"When dawn spreads its paintbrush on the plain, spilling purple... ," Songs of the Pioneers song from TV show "Wagon Train." Dawn on the mythic Santa Fe Trail, New Mexico, looking toward Raton from Cimarron. -- Clarkphoto. A curmudgeon's old-fashioned newspaper column, cross-breeding metaphors and journalism and art, for readers in 150 countries.

Saturday, August 31, 2013

Crucifixion and rich beaches, 2 more countries

Readers in two more countries clicked on this blog this week, bringing to 117 the number of countries where readers have for various reasons, scanned these posts.
One country, Paraguay, is in the news because some fired bus drivers staged self-crucifixions with real nails in protest. Crucifixions
Now that's  a level of passion and freedom  rarely known in the western world. Paraguay, home of native peoples 1,000 years before the Spanish "conquest" in the 1500s, suffered under military dictatorships and poverty until 1989, when the government became more democratic. 
Since then its 6.6 million people have seen the economy boom. They take democracy seriously too, having impeached a president a few years ago. The South American country is just a little smaller than California.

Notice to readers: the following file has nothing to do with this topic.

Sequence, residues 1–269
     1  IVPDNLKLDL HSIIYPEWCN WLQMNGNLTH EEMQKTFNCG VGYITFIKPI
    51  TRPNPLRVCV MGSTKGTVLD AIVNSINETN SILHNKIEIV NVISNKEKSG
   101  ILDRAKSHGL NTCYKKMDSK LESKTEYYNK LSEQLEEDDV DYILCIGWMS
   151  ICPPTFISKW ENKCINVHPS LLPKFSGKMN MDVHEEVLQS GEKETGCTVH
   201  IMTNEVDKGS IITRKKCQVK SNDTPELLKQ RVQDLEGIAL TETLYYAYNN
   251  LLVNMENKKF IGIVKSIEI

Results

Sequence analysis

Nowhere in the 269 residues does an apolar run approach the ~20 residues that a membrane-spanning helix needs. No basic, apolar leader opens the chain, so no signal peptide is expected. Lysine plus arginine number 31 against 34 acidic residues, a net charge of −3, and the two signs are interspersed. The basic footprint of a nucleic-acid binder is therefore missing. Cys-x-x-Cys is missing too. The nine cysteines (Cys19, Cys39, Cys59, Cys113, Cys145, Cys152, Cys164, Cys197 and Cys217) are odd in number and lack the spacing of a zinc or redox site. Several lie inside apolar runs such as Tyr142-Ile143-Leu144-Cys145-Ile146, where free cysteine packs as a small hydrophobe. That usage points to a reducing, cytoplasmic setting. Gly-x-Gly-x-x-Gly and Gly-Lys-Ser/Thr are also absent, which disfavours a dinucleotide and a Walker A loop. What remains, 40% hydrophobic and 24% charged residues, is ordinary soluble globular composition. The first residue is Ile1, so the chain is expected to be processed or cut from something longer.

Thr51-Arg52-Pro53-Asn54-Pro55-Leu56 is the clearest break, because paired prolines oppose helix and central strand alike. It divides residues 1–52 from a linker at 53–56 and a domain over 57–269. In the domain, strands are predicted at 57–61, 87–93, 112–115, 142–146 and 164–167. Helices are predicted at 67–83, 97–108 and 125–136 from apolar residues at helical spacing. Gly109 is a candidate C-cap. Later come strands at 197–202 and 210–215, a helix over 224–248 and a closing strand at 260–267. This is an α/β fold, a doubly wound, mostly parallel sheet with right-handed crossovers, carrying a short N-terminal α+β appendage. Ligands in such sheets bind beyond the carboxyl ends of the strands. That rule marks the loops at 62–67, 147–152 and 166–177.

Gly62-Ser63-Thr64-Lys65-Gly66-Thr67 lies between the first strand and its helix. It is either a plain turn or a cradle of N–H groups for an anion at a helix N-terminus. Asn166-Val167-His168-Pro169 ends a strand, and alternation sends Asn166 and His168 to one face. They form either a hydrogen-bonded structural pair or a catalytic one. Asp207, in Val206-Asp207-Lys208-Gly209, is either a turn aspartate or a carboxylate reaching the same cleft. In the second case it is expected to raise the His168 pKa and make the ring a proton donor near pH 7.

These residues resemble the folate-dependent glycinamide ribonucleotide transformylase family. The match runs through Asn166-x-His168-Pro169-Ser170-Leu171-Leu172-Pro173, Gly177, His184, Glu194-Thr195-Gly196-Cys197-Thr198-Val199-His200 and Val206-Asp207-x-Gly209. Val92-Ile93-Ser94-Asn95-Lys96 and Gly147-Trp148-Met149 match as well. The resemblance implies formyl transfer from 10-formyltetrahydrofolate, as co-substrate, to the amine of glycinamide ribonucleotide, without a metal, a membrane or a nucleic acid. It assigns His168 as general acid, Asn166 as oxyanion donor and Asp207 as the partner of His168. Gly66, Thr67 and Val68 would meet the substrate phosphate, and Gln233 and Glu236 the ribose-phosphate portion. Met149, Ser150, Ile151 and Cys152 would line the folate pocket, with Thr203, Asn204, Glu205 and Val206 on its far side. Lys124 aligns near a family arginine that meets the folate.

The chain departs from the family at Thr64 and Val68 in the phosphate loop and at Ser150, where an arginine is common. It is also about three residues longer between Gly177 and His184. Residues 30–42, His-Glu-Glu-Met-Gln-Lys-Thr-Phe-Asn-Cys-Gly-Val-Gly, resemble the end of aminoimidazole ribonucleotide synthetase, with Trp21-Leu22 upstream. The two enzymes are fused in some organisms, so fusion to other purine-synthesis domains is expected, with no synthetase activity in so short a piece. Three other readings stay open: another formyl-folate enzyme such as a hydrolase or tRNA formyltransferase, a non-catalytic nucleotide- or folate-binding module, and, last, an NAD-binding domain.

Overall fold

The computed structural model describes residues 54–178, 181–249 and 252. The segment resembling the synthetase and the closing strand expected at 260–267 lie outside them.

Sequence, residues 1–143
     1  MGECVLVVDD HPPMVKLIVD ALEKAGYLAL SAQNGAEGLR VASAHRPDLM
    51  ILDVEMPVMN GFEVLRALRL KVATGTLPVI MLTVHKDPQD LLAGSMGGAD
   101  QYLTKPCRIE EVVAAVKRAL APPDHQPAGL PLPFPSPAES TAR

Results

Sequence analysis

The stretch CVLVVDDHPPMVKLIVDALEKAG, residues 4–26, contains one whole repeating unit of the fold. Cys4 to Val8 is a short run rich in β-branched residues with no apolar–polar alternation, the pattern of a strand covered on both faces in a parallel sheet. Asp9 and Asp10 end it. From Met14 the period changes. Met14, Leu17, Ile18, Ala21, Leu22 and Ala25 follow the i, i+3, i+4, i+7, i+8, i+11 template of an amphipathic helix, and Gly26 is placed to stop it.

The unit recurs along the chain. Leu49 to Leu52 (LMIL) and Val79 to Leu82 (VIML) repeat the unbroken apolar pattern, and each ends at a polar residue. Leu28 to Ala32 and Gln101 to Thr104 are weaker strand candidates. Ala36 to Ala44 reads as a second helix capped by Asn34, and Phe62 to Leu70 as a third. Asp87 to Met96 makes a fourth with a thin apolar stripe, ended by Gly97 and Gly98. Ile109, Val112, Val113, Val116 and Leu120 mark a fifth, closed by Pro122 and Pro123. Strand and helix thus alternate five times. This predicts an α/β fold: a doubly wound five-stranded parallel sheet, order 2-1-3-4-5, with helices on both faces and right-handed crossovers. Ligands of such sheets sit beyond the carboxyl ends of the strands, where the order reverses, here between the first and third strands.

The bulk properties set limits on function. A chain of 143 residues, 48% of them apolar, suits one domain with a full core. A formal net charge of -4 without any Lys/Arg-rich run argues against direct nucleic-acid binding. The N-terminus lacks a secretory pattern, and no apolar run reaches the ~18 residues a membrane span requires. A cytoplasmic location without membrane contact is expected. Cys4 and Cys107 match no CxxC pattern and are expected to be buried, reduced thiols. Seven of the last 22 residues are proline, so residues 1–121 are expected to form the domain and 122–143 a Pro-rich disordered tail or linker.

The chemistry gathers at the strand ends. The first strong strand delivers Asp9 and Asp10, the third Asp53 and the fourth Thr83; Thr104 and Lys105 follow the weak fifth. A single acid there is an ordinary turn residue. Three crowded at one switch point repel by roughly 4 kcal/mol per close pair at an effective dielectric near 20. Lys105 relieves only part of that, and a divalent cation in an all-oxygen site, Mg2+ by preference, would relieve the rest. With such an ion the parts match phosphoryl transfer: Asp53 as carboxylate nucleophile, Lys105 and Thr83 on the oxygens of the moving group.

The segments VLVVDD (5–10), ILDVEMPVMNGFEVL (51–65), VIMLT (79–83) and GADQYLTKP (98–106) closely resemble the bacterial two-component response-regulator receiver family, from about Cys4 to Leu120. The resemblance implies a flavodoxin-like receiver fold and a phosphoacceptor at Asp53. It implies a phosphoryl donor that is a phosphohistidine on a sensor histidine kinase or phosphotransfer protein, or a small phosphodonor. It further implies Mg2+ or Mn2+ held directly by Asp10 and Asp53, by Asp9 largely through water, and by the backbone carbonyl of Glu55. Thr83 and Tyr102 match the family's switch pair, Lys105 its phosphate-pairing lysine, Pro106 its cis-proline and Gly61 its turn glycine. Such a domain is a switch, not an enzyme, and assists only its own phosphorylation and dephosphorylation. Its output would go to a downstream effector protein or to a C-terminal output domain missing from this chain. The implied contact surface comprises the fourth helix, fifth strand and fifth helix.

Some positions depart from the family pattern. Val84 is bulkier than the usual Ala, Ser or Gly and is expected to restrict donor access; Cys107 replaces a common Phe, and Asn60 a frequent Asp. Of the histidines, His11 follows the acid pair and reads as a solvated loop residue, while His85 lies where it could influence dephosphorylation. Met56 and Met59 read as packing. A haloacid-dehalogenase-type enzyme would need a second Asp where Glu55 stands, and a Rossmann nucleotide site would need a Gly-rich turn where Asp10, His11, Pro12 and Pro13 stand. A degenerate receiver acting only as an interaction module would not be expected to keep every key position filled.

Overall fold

Its flag is unique in that it has a different symbol on opposite sides--one is the coat of arms, the other is a map and name of the country in a circle.
The second new country is the Bahamas, the site of Colombus' first landfall in 1492, but the Spanish didn't settle it. The British made  the 700  islands a crown colony in 1718 to combat privacy. At the close of the American revolution, many American loyalists moved there with their slaves. When the Brits banned international slave trade in the early 1800s, the islands became a have for liberated slaves, and those who escaped from America.
The country gained independence in 1973 but retained Queen Elizabeth II as monarch. The country has almost no taxes, living off tourism, and is among the top five richest per capita in the world. Its flag symbolizes the aspirations of black people.

No comments:

Post a Comment